Pianist Stephen Hough discusses the practice of practising:
My teacher, Gordon Green, used to say, “in practise a perfectionist, in performance a realist”. In other words, prepare assiduously, tirelessly at home, but when onstage accept the situation at hand without wishing the piano were more in tune, the audience were more appreciative (or larger), you hadn’t made a mess of that octave passage and so on.
But being a “realist” sounds rather prosaic when faced with bringing to poetic, passionate life the masterworks of master composers. I might put it differently from Gordon: in practice an engineer, in performance a pilot. Nuts and bolts in a plane are incomparably important, but when you sit at the cockpit of a Steinway concert grand your eyes need to look ahead not underneath.
The purpose of practising is so that we (offstage as engineers) make sure that we (onstage as pilots) are completely free to fly to the destination of our choice. That destination is one involving imagination and creativity and spirituality and danger and ecstasy of course, not merely the A to B of playing the notes, but without the nuts and bolts in place we will never be airborne. The greatest interpretative vision of the final pages of the final sonata of Beethoven will nosedive to oblivion if we can’t play an even trill.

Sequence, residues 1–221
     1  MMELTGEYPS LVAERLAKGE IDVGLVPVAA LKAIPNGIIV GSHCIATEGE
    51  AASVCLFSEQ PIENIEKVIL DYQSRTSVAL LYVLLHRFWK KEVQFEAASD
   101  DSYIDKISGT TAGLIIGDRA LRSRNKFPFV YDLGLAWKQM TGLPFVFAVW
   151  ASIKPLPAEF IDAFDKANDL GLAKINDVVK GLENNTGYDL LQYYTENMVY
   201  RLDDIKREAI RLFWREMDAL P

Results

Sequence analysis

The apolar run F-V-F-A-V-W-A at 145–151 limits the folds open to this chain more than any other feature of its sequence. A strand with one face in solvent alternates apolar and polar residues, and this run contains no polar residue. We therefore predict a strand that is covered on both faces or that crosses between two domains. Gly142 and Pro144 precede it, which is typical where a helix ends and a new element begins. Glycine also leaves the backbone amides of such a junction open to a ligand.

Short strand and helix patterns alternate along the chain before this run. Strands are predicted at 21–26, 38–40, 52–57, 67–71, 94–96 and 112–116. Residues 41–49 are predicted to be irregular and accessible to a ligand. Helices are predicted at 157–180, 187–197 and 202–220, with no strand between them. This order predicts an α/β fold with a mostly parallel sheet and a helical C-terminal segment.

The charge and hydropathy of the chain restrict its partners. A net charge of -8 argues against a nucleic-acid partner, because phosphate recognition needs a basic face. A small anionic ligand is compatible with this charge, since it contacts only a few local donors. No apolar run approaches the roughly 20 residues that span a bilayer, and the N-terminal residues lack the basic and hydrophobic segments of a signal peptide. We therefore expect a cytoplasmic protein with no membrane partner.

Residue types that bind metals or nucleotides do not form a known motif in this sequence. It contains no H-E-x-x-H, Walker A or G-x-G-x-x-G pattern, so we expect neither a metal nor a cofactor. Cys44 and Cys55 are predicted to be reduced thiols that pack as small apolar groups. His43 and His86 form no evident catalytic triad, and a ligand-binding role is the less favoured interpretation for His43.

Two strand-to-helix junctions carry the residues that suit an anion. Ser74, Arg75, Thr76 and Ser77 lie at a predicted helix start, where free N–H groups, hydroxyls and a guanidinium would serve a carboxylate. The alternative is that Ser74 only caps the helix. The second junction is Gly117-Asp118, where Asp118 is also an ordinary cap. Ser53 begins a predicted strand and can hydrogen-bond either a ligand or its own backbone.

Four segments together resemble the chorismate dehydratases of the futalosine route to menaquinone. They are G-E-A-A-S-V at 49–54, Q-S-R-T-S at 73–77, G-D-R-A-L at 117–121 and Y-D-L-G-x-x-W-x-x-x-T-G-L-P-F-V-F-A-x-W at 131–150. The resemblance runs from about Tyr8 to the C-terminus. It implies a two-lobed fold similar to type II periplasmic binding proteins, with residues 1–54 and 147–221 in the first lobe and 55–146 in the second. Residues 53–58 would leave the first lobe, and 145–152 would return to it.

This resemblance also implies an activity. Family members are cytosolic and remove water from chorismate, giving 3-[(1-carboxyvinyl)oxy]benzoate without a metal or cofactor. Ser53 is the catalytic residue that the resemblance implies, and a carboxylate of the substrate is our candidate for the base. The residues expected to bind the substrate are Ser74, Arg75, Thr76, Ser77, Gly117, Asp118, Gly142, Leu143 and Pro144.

Slow practice can be a complete waste of time if the mind is not working quickly. Simply to trawl through passages like a contented tortoise is a waste of the felt on your piano’s hammers. Good slow practice is more like a hare pausing to survey the scene — sharp in analysis, watching through the blades of grass, calculating the next sprint.
There are two dangers to avoid in practising, firstly not to play as if you’re onstage, filling the hours crashing through pieces without improvement. This is a common occurrence in conservatories — Rachmaninov concertos pounded with adolescent passion and coarse, crude effects. But the second, more subtle danger is not to get stuck in a practising mode. This is related to mindless slow practice. All the focus when in the practice studio should be how we will play when in the concert hall. If something comes apart, don’t stop immediately. Guide the skidding wheels around the crashing corner for another meter or two, despite the sparks and screeches. A common student scenario: music flying along; train wreck; a second of silence; start at point of accident; continue. The point where things broke down is the fragile spot, the dodgy seam. It needs sufficient overlap of material to be strong. Go back before the mistake and practise beyond the mistake — then the mistake itself will be more safely repaired. Otherwise the very stopping and starting becomes a reflex — an ingrained repetition of breakdown.
There is a well-worn saying: practice makes perfect. I don’t believe this, at least in reference to playing the piano: abstract “perfection” is rarely what we seek; but good practising makes it more likely that we will give a good performance. Its attention, its concentration, its tightening of the screws enable the concert experience to take wing in freedom.